Researchers at Johns Hopkins University have positively confirmed the long-discussed ability of government entities and private parties to remotely activate a webcam without the warning light turning on. While this privacy vulnerability has already been anecdotally admitted by a variety of sources, this research is the first time it has been proven by an established public-facing organization. The results were published last week in a paper entitled "iSeeYou: Disabling the MacBook Webcam Indicator LED".
The paper focused on Apple iMacs as well as MacBooks. Specifically, it focused on pre-2008 models of the iMac G5, as well as "early Intel-based iMacs, MacBooks, and MacBook Pros," according to the Washington Post. Those models' built-in iSight webcams were the targets of the researchers' academic hacking efforts. They were able to remotely turn on target iMac and MacBook computers' iSight webcams without activating the LED that lets users know they're being observed.
Yet the researchers insist that the results apply to the webcams on current MacBooks, iMacs, and all other types of PCs. The only reason they focused on older Apple models was because their less-secure equipment was less cost-prohibitive to hack. If they had had a larger budget, they appear certain they could duplicate the results with the latest models. It's just a matter of how many layers of security they have to uncover.
The vulnerability rests in the microcontroller found within the iSight camera itself. The microcontroller is the computer that controls the camera activation as well as the LED warning light activation. It is separate from the rest of the computer and thus not as subject to the security protocols built into the (separate) CPU. Hacking directly into the webcam's microcontroller allowed the researchers to duplicate the security breaches that have popped up in recent years, as in the famous case of Teen Miss USA Cassidy Wolf, whose webcam was hacked by a 19-year-old former high school classmate.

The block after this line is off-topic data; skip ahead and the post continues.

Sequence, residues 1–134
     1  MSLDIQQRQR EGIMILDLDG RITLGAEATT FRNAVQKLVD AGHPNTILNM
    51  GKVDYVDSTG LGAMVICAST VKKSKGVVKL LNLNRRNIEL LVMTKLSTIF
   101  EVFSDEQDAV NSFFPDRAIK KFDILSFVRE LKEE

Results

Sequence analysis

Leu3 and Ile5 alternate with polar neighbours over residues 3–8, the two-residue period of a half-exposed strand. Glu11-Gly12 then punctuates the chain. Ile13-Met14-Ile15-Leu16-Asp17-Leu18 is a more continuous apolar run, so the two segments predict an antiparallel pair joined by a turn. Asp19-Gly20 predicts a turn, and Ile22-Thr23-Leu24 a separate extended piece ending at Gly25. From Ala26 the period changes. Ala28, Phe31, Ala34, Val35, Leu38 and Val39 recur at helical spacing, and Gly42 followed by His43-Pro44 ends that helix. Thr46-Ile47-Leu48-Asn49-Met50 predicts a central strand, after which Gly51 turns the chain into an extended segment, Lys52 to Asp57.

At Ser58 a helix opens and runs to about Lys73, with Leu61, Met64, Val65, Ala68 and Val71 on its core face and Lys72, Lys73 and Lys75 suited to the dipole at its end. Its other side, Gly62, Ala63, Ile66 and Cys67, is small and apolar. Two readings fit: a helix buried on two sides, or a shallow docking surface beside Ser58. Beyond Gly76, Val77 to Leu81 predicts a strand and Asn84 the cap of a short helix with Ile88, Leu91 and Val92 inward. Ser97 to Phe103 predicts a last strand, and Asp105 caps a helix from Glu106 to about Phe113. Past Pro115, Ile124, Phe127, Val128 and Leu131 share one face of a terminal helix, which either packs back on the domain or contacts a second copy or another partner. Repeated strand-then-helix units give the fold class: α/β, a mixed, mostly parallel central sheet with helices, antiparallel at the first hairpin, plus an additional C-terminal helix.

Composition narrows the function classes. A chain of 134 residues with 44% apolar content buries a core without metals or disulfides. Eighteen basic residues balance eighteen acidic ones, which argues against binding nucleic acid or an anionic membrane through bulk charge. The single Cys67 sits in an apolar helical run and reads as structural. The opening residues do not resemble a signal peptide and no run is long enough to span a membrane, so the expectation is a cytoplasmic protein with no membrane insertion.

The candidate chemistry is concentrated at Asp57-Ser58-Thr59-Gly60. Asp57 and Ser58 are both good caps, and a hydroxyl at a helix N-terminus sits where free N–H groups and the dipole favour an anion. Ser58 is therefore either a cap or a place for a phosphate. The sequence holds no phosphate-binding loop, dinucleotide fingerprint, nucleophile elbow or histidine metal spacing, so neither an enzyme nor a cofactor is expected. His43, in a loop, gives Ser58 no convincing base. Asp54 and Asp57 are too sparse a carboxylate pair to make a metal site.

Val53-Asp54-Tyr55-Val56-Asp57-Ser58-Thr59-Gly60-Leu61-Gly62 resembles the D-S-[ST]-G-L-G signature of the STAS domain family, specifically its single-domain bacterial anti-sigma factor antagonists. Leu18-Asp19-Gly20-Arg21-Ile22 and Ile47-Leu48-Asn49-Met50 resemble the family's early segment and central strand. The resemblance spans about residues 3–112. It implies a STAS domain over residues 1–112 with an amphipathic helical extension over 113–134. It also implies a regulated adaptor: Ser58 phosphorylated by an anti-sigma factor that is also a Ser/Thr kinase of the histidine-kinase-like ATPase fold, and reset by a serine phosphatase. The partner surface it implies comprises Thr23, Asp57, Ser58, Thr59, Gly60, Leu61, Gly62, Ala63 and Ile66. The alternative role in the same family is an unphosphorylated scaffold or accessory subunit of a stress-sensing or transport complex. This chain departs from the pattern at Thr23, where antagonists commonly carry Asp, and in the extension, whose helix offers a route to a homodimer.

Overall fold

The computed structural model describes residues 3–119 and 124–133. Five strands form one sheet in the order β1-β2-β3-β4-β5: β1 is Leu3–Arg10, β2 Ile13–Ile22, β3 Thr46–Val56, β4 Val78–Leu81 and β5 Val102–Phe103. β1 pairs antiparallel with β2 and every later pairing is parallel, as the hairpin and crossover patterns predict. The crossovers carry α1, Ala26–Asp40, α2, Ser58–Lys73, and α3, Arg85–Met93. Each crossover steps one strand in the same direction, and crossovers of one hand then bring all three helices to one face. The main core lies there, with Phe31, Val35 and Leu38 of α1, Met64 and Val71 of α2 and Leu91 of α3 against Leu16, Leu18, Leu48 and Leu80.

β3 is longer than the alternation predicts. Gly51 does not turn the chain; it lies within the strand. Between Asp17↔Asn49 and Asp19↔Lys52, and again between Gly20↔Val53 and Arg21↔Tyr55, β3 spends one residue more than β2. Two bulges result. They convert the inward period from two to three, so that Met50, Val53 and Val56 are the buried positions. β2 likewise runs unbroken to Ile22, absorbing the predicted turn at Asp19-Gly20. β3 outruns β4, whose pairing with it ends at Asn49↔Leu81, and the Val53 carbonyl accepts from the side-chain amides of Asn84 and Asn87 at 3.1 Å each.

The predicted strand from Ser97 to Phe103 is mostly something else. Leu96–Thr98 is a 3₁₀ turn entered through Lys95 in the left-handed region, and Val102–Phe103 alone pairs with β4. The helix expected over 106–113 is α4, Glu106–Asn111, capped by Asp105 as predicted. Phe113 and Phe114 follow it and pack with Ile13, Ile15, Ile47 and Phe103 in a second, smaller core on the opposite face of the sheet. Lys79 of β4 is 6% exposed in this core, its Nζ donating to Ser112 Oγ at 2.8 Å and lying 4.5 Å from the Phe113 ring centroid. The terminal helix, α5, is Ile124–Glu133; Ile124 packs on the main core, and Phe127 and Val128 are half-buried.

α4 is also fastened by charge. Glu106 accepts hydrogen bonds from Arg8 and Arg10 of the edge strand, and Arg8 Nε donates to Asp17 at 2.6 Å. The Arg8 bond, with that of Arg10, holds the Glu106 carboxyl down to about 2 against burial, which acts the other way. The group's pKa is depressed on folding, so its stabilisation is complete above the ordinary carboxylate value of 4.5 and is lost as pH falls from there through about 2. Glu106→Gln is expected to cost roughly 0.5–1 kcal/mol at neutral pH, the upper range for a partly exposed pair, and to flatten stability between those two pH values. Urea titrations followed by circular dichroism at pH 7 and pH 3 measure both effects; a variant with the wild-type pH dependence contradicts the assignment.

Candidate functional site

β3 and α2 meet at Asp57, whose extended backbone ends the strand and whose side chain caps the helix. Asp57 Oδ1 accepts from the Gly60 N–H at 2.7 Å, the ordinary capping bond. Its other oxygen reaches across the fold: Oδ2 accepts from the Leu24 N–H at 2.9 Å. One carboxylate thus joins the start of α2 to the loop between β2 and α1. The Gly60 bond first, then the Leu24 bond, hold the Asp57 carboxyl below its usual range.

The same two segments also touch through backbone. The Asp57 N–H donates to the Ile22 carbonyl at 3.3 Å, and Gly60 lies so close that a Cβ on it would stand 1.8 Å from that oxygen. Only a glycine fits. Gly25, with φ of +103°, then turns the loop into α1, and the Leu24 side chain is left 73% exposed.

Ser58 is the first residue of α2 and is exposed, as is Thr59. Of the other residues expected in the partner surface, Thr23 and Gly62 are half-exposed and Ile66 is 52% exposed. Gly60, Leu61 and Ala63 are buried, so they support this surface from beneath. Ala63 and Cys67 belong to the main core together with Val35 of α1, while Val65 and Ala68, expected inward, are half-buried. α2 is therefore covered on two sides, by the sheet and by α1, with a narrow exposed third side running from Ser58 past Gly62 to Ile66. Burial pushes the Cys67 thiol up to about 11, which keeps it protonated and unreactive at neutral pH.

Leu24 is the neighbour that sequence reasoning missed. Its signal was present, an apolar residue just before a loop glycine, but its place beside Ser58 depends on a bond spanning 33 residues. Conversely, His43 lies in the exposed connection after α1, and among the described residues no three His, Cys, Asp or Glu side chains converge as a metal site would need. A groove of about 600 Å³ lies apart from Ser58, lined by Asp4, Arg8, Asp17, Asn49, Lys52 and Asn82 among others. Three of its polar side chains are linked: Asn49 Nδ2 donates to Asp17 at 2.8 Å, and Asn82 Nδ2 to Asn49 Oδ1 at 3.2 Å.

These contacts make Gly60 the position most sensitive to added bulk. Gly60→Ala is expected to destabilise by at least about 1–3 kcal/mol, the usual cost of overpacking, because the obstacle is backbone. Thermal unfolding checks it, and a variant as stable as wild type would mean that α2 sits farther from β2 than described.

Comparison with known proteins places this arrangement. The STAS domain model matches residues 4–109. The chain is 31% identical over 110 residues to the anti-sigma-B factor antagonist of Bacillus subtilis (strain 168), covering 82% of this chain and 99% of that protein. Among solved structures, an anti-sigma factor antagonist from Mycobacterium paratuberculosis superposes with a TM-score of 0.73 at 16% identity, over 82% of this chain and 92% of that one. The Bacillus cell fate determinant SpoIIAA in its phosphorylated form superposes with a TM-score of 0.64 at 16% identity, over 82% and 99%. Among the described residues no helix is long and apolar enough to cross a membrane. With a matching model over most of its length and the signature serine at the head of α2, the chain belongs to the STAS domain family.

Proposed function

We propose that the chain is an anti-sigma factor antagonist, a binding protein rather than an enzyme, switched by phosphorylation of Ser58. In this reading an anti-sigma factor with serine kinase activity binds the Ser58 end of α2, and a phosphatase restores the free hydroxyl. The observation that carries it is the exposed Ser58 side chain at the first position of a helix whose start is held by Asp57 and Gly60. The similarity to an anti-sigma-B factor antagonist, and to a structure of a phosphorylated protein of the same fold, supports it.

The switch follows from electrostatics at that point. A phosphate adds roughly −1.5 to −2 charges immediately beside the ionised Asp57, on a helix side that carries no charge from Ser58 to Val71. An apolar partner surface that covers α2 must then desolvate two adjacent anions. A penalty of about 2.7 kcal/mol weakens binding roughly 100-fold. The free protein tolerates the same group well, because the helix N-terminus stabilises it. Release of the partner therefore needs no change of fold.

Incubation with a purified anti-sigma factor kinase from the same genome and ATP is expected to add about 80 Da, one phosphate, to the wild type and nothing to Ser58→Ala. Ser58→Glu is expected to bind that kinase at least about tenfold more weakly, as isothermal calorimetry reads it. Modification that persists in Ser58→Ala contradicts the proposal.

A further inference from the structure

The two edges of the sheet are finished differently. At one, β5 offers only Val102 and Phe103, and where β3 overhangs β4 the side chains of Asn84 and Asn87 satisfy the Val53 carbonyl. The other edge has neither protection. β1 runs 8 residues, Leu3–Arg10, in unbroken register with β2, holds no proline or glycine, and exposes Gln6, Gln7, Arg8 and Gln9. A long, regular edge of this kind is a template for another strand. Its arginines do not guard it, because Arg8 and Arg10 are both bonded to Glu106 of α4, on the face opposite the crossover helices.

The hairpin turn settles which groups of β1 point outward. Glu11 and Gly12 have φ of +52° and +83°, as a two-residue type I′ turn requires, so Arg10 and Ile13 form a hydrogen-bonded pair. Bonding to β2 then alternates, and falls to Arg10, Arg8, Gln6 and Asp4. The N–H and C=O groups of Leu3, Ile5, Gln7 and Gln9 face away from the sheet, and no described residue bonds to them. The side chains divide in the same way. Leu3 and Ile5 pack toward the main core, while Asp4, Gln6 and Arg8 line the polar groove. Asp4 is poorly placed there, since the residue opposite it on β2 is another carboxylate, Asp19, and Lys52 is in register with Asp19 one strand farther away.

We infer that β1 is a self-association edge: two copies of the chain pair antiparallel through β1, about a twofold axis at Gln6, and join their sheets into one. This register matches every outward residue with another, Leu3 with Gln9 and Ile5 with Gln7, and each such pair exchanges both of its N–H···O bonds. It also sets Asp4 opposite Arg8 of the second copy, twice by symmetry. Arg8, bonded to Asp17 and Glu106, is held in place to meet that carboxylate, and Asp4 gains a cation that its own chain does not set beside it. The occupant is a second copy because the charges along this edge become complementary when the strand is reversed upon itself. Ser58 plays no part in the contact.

The image below depicts the iSight components the Johns Hopkins researchers were able to infiltrate.
Webcam hacking has been used for years by law enforcement. Former FBI Operational Technology Division in Quantico assistant director Marcus Thomas revealed a couple of weeks ago that the FBI has been covertly activating webcams "for several years." Technically the agency is only allowed to do it with a court order, and the tactic has only been used in-agency a few dozen times and only in "extreme" cases.
Yet the vulnerability is out there, and it has now been confirmed by an institution of higher education. The Post even demonstrated in a video how it can be done by using the research team's home-brewed webcam hacking software it used to carry out the tests on the iMacs and MacBooks.
In the meantime, you can protect yourself by applying a bit of low-fi security: a piece of tape or a Post-It note. Or, if you want to avoid gumming up your device or putting scratches in it, you can go the commercial route with something like the Peep Shield or Eyebloc.
There's just one problem remaining: audio. The FBI and the Johns Hopkins researchers both say secret remote microphone activation is just as handily accomplished. We're not aware of any widely available security measure against unannounced microphone hacks as yet. If you know of anything, let us all know in the comments.
SOURCE: Washington Post